As New York City health officials have reported, 10 people in Bronx have been infected with Legionnaires’ disease recently.
It appears that this is a new cluster of cases, following the deadly outbreak which occurred in the summer, killing 12 people and sickening more than 100. That health crisis, which affected South Bronx, originated because of a contaminated cooling tower, at the Opera House Hotel.
It was actually the most severe infection with this type of bacterial pneumonia in the city’s history. Given its impact, it prompted authorities to pass legislation requiring cooling towers to be periodically test for the bacteria.
The patients identified in the new epidemic are all from the Morris Park neighborhood, and have required hospitalization. According to the New York City Department of Health and Mental Hygiene, the first case was reported on September 21, and one of the patients has already been treated and released from hospital.
An investigation has been conducted in order to determine the source of this recent contamination, and samples were taken from the neighborhood. Scientists have analyzed them and detected the presence of the Legionella pneumophila bacteria in 7 cooling towers. Although it appears the locations had already been recently cleaned, now they are again being disinfected, to help curb the outbreak.
Given these findings, health department authorities urge medical practitioners to stay in alert, and immediately carry out tests to identify the disease if they encounter patients who display related symptoms.
The most common signs of infection with Legionnaires’ disease are high fever, chills, cough, shortness of breath, muscle aches and headaches. Around half of the infected patients have gastrointestinal symptoms (nausea, vomiting, diarrhea) or neurological problems, such as confusion and cognitive impairment.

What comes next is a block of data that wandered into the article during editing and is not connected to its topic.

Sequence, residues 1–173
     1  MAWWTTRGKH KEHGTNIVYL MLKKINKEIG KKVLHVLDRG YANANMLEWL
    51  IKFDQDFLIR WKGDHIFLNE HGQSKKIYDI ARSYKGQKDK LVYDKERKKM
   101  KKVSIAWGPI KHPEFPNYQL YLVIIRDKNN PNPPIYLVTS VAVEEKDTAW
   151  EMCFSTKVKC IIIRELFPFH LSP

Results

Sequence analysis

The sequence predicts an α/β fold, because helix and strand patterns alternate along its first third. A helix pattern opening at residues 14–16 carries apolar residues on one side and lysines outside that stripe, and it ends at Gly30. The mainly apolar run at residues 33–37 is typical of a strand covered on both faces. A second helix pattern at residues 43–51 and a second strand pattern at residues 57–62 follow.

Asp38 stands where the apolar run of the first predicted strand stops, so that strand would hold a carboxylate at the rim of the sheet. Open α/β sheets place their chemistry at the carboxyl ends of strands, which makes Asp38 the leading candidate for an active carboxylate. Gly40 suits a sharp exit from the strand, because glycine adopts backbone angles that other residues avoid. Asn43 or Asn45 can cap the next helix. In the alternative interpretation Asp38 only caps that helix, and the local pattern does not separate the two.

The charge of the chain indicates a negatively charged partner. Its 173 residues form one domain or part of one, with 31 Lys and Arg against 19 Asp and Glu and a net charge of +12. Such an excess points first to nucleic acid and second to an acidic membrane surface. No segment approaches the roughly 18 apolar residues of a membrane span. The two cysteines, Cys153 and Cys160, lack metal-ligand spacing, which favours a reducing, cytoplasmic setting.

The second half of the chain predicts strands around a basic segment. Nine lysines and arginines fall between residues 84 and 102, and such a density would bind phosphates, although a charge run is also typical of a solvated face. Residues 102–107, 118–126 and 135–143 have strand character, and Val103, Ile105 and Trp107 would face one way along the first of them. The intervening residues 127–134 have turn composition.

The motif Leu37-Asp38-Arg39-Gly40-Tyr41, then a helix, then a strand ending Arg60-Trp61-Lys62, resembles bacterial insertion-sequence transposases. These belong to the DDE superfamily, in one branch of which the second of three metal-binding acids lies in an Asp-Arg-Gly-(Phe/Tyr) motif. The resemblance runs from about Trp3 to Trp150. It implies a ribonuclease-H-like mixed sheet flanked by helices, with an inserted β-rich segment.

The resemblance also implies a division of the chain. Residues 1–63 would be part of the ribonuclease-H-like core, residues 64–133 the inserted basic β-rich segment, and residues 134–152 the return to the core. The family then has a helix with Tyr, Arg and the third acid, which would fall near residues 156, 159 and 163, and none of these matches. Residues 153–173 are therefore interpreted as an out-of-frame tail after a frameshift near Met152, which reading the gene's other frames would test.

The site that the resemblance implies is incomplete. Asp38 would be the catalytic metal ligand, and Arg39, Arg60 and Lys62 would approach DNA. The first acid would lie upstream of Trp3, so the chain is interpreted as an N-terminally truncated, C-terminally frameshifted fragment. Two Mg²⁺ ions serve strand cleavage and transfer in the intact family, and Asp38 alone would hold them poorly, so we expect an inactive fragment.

Normally, the symptoms appear 2 to 10 days after the initial bacterial exposure, but they can be delayed and occur after 2 weeks. Every year, between 8,000 and 18,000 people require hospitalization due to Legionnaires’ disease, according to estimations by the Centers for Disease Control and Prevention. Around 200-300 of these cases are reported in New York city, as health officials reckon.
This bacterial pneumonia is particularly dangerous for smokers, elderly people, immunocompromised patients, or for those who suffer from chronic lung disease. When the infection is not treated properly, its complications include respiratory failure, septic shock, acute kidney failure, and eventually death.
Most outbreaks occur in large buildings, as the legionella bacteria thrives in water systems such as hot tubs, air conditioners and grocery store mist sprayers.
Infections usually happen when people inhale tiny water droplets containing the bacteria, which have been dispersed by showers, cooling towers, ventilation systems, fountains or swimming pools. On the other hand, the disease can’t be transmitted from person to person, and is usually curable with antibiotic treatment.
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